So it is best to design an IT organization and systems approach that meets both sets of drivers and anticipates that business organizational change will happen. The best solution for meeting both sets of drivers is to organize IT as a ‘hybrid‘ organization. In other words, some portions of IT should be organized to deliver scale, efficiency, and high quality, while others should be organized to deliver time to market, and market feature and innovation.
The functions that should be consolidated and organized centrally to deliver scale, efficiency and quality should include:
- Infrastructure areas, especially networks, data centers, servers and storage
- Information security
- Field support
- Service desk
- IT operations and IT production processes and tools
These functions should then be run as a ‘utility’ for the corporation. There should be allocation mechanisms in place to ensure proper usage and adequate investment in these key foundational elements. Every major service the utility delivers should be benchmarked at least every 18 months against industry to ensure delivery is at top quartile levels and best practices are adopted. And the utility teams should be relentlessly focused on continuous improvement with strong quality and risk practices in place.
The functions that should be aligned and organized along business lines to deliver time to market, market feature and innovation should include:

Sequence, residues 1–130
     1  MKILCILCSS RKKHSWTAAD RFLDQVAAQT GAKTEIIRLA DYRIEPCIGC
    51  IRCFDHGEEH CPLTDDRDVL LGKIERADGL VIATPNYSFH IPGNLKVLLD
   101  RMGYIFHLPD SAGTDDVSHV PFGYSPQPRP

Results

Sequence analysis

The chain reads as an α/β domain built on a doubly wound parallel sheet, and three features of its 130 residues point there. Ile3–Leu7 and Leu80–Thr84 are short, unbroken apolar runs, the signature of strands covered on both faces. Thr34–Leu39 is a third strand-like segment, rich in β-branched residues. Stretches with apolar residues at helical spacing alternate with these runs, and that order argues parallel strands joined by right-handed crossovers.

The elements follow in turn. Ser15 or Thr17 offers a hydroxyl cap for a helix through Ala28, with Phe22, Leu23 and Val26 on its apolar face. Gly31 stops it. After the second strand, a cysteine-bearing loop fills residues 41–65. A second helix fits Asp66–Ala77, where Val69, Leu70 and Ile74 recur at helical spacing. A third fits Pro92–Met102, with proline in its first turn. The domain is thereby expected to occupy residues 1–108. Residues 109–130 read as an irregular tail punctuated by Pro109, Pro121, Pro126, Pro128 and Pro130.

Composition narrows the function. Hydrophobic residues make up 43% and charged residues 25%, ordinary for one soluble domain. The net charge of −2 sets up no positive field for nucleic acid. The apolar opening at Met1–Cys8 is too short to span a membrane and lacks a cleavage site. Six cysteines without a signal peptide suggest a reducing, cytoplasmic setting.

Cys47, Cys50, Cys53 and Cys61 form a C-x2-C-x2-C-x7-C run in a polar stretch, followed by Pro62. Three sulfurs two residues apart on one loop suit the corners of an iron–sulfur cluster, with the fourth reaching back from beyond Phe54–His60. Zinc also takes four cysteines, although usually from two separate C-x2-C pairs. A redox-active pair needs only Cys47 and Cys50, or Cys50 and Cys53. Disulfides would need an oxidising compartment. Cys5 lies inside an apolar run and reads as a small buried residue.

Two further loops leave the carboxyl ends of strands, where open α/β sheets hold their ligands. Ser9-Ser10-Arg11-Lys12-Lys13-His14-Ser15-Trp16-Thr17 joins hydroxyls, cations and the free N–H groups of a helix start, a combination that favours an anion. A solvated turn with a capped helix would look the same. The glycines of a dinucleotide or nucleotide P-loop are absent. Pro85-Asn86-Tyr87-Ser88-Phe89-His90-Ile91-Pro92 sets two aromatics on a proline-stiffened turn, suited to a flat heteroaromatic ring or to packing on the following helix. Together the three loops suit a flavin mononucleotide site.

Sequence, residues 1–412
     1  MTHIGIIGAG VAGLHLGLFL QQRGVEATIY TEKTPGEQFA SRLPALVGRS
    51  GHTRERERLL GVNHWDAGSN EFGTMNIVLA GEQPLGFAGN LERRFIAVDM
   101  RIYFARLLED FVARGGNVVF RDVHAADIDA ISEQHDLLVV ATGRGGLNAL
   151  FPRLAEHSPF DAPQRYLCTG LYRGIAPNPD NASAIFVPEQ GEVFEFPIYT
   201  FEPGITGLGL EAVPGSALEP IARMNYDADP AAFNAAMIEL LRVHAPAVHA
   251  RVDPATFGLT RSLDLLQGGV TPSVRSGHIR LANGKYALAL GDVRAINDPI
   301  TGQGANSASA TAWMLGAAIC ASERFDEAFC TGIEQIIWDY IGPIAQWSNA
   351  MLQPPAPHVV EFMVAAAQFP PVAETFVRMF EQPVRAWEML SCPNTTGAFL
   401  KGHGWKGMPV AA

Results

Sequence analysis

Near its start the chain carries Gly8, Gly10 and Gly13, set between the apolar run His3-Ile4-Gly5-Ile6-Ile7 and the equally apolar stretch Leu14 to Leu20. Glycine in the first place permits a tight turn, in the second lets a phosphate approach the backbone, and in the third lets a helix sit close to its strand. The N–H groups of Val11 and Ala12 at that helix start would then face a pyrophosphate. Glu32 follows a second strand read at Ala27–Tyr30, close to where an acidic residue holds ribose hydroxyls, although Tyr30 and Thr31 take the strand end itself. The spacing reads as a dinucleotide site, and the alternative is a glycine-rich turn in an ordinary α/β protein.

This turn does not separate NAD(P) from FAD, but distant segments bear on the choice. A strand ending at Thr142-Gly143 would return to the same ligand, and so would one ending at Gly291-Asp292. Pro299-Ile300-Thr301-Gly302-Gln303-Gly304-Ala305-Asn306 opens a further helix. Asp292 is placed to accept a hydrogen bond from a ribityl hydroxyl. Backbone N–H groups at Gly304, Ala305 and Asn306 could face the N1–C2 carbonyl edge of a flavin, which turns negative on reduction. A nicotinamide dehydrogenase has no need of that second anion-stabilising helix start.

- Application development areas
- Internet and mobile applications
- Data marts, data reporting, and data analysis
These functions should be held accountable for high quality delivery. Effective release cycles should be in place to enable high utilization of the ‘build factory’ as well as a continuous cycle of feature delivery. These functions should be compared and marked against each other to ensure best practices are adopted and performance is improved.
And those functions which can be organized flexibly in either mode would be:
- Applications Maintenance
- Data Warehousing
- Project Management
For these functions that can centralized or organized along business lines, it is possible to organize in a variety of ways. For example, systems integration testing could be centralized and unit test and system testing could be allocated by business line application team. Or, data base could have physical design and administration centralized and logical design and administration allocated by application team. There are some critical elements that should be singular or consolidated, including:
- if architecture is not centralized, there must be architecture council reporting to the CIO with final design authority
- there should be one set of project methodologies, tools, and process for all project managers
- there should be one data architecture team
- there should be one data warehouse physical design and infrastructure team
In essence, as the services are more commodity, or there is critical advantage to have a single solution (e.g. one view of the customer for the entire corporation) then you should establish a single team to be responsible for that service. And where you are looking for greater speed or better market knowledge, then organize IT into smaller teams closer to the business (but still with technical fiduciary accountabilities back to the CIO).
With this hybrid organization, as outlined in the diagram, you will be able to deliver the best of both worlds: outstanding utility services that provide cost and quality advantage and business-aligned services that provide TTM and market feature and innovation.